As SS United States faces scrapyard, caretaker talks history and preservation

As SS United States faces scrapyard, caretaker talks history and preservation
Maria S. Young

Close your eyes for a moment and imagine the SS United States—that’s the hulking, 300-yard long cruise ship that has sat across from the Ikea on Columbus Boulevard for nearly 18 years.

Now imagine what you think the guy whose job it is to take care of it looks like.

Pea coat? Knit cap? Weathered face that moves only to scowl and take pulls off cigarettes?


The caretaker of the SS United States is an an enthusiastic30-year-old man who over the past eight years has come to consider himself honored to work there.

“I can run up and down the SS United States, but I stumble going up the stairs in my apartment,” Ray Griffiths said.

Also, he used to eat his lunch on the top of the ship’s giant stacks.

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The SS United States was built as a cruise ship that could be quickly converted into a troop carrier. Its massive engines — their true capabilities were classified amid the Cold War — pushed the ship toward a record-breaking 3 1/2 day Atlantic crossing during its maiden voyage in 1952. But it was used for only 17 years, taken out of service as jets became a faster and less expensive way to travel over the ocean.

For decades, the SS United States was kept in Norfolk, Virgina, where it passed between different owners with different plans that never came to fruition. Its fixtures, furniture and art were auctioned off. One owner moved it to Philadelphia, where it was eventually acquired by Norwegian Cruise Lines, who had plans to restore the ship. When that plan was abandoned, it was acquired by the SS United States Conservancy in 2011, which has struggled to find a developer able to retrofit her into a mixed-use property.

Asked what the job of caretaker entails, Griffiths talks a lot about keeping the ship tied securely to the dock.

“If you get it wrong, the ship will move around a lot and start ruining things,” Griffiths said, “mostly the things around it.”

There are mundane tasks — making sure rainwater flows off the deck properly— and complex ones. When he first started the ship listed a bit. He pumped tanks to right the ship. He can talk at length about exploring the lower decks to document aspects of the ship that had been lost.

This past Friday, Saturday and Sunday,Griffithsgave tours to reporters — their interest sparked by news that the conservancy could sell the ship for scrap if it does not raise money to pay the $60,000 per month to maintain and insure the ship.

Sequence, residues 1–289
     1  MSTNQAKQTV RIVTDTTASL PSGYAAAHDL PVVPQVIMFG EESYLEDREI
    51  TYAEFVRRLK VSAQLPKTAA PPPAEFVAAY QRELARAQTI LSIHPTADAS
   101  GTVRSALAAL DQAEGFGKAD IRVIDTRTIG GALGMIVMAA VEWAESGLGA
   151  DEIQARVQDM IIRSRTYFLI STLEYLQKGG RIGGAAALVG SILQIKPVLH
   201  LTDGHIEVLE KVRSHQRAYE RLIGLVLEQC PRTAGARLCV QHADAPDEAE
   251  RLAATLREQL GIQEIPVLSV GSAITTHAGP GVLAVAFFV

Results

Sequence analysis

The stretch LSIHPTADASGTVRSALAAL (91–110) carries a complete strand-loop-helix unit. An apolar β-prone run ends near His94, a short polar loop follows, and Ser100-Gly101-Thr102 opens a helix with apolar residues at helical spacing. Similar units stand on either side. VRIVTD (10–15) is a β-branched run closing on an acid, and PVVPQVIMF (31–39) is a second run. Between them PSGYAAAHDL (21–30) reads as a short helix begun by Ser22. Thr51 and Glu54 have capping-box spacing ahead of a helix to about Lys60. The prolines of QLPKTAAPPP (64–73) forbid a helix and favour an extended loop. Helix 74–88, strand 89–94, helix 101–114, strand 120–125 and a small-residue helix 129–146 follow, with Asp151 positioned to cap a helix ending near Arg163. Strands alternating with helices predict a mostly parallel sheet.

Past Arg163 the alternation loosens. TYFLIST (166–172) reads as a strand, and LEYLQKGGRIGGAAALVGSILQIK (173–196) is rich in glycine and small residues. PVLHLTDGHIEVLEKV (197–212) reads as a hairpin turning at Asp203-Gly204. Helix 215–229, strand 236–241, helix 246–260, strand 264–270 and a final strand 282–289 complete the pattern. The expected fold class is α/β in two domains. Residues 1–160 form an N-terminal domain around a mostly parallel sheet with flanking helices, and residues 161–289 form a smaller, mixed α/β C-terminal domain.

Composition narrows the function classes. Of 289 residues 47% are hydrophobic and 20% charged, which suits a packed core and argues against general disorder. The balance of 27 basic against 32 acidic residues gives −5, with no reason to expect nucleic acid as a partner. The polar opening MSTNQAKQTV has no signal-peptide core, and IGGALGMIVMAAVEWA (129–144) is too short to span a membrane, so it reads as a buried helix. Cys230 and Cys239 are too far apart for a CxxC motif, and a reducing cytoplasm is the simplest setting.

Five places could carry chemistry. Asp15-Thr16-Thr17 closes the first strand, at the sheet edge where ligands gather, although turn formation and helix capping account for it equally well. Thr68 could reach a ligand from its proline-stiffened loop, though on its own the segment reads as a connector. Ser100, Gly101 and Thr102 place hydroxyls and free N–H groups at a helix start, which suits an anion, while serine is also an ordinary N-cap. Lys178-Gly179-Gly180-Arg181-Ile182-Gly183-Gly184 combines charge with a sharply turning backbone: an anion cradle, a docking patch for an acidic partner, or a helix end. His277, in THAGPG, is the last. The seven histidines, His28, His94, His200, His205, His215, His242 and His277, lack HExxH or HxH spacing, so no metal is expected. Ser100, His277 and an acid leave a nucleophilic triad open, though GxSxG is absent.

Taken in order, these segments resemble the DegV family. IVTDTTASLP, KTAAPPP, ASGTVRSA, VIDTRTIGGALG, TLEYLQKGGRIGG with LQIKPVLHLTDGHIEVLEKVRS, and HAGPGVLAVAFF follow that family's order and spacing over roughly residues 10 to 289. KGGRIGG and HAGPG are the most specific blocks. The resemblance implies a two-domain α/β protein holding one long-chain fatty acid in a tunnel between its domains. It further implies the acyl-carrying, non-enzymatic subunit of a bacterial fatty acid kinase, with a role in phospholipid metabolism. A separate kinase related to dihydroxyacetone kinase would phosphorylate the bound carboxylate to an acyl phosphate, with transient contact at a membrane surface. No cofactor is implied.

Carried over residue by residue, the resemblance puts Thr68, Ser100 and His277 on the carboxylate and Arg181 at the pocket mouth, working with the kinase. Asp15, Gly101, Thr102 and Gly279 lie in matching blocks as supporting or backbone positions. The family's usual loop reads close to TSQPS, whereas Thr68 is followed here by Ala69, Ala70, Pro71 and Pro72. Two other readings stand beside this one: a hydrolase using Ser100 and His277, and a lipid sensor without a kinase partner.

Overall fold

Griffiths’ tours are filled with a reverence that he’s picked up from the historians, engineers and enthusiasts he’s met on the job.

“I’ve been fortunate to have met a lot of people,” Griffiths said.

It’s not a job for the faint of heart. There are heights, and there are cramped, dark spaces. He’s escorted a few engineers who have had second thoughts about the danger.

“When I take people on board, I say ‘You need to be honest if you can’t do this,'” Griffiths said.

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He’s got his start in the maritime industry at 17, handling logistics for the cruise industry. He did a stint in a trade school for auto mechanics.

But mostly, he’s learned on the job.

“He follows in the tradition of the designer of the ship,” said Susan Gibbs, executive director of the conservancy. She should know, she’s the granddaughter of Francis Gibbs, the self-taught naval architect who designed the SS United States.

Ships, however, are also inGriffiths’blood. His dad was the president of Rice and Reynolds, a prominent shipping company.

Officially, Griffiths heads a three-person team that works onboard about one or two days a week. But big storms can change that schedule.

Gibbs said it’s been interesting watching the trio — they’re all about the same age — learn about the ship’s history.

“They’re all young men who have fallen in love [with the job], and the ship is doing great,” Gibbs said.

Gibbs said the conservancy — even as it strugges to pay the costs of maintaining the ship — has never been closer to signing a deal that would see it moved to New York City and developed.

Griffiths wants to see that happen.

“I don’t want it to be forgotten,” he said. “It’s amazing how many people care that I don’t expect to.”